You may need to seek a skilled sports physiotherapist or a trained physical therapist to show you how to best improve your core muscles.
Make contact with a bike trainer.
If you’ve been pedaling for a while and the pain isn’t going away, it’s time to seek the help of a bicycle trainer. A skilled trainer can assess your trail moves and determine what’s wrong with your back.
Even with professional assistance, you must avoid unhealthy habits like carrying too much weight on your back and bending your back when pedaling.
Mistakes that put you at risk of lower back discomfort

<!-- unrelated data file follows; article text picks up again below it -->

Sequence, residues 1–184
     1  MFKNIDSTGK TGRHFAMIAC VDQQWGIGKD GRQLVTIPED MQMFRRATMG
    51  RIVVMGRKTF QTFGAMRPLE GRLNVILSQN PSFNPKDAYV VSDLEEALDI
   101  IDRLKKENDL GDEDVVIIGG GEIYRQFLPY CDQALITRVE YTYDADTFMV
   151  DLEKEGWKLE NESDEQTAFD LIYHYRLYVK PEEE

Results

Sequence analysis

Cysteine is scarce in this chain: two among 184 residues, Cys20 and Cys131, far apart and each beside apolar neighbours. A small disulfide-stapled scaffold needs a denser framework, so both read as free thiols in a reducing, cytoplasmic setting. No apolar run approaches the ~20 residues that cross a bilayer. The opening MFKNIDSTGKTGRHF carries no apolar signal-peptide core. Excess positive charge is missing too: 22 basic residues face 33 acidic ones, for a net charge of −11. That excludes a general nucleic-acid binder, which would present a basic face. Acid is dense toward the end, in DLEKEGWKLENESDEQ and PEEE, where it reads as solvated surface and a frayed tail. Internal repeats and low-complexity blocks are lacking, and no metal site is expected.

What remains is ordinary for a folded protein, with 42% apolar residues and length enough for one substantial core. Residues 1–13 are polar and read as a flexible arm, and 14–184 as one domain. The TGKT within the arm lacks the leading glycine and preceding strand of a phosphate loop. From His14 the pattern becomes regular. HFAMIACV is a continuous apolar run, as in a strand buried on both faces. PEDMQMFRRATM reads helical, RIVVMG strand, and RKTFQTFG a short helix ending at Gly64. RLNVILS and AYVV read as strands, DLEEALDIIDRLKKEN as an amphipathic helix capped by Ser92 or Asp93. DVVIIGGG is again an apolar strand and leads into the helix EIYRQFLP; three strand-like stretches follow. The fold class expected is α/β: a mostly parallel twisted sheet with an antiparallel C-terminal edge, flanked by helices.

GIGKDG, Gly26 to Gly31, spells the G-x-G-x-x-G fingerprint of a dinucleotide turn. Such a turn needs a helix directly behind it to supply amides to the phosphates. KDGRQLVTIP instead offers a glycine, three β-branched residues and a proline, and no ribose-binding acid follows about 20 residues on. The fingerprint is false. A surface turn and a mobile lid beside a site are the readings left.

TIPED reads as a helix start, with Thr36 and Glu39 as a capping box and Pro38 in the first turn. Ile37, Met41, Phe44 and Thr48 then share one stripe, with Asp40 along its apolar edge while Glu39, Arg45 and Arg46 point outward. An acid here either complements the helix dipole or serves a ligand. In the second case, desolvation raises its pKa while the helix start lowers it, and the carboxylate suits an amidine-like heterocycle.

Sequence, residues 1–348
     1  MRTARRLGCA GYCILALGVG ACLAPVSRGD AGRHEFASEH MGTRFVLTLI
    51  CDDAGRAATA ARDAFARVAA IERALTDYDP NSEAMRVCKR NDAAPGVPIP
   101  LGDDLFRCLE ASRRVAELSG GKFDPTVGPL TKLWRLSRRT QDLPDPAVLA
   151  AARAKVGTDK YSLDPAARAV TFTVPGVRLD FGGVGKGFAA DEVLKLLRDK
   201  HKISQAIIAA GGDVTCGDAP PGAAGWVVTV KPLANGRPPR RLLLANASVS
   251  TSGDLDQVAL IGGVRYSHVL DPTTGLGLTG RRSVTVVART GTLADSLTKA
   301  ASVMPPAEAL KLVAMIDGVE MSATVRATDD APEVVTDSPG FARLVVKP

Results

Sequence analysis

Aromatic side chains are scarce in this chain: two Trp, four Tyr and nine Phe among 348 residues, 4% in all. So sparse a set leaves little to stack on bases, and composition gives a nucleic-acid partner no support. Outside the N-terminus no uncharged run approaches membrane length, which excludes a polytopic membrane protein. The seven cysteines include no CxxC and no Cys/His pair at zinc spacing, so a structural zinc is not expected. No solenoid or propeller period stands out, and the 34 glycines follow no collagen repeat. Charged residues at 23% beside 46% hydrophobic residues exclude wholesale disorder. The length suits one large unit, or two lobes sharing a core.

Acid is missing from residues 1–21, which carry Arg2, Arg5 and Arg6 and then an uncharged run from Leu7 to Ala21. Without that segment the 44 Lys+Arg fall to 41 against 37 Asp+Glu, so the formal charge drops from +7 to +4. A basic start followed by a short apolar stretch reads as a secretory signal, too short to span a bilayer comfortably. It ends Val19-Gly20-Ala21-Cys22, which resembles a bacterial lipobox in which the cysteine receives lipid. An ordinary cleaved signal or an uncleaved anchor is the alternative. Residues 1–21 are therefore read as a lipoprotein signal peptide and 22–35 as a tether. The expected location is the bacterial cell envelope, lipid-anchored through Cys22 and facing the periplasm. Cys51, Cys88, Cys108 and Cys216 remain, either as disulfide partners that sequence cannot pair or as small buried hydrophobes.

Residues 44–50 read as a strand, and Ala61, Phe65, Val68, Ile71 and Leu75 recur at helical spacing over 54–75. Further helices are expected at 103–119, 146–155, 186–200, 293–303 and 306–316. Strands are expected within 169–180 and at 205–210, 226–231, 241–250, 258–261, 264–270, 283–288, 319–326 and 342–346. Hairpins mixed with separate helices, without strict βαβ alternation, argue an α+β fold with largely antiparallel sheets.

Gripping the handlebars too tightly: You need to grasp the handlebars for support and control, but too much grip makes your hands stiff, which adds to the pain. We’ve already mentioned that a firm grip pushes you to stretch your body outwards, leading to lower back pain.
Maintaining a collapsed chest: Many bikers have a collapsed chest. The problem is comparable to that of day-to-day office workers; you may overcome it by practicing keeping your shoulders drawn back and low while you are not riding your bike. Hunched shoulders may exacerbate your lower backache.
Riding the course while seated: If you have a bag on your back, it is best to pedal while standing while ascending uphill. Standing helps to relieve pain by distributing the weight of the pack. This may not always be a possibility depending on the hill’s steepness, but it’s worth considering!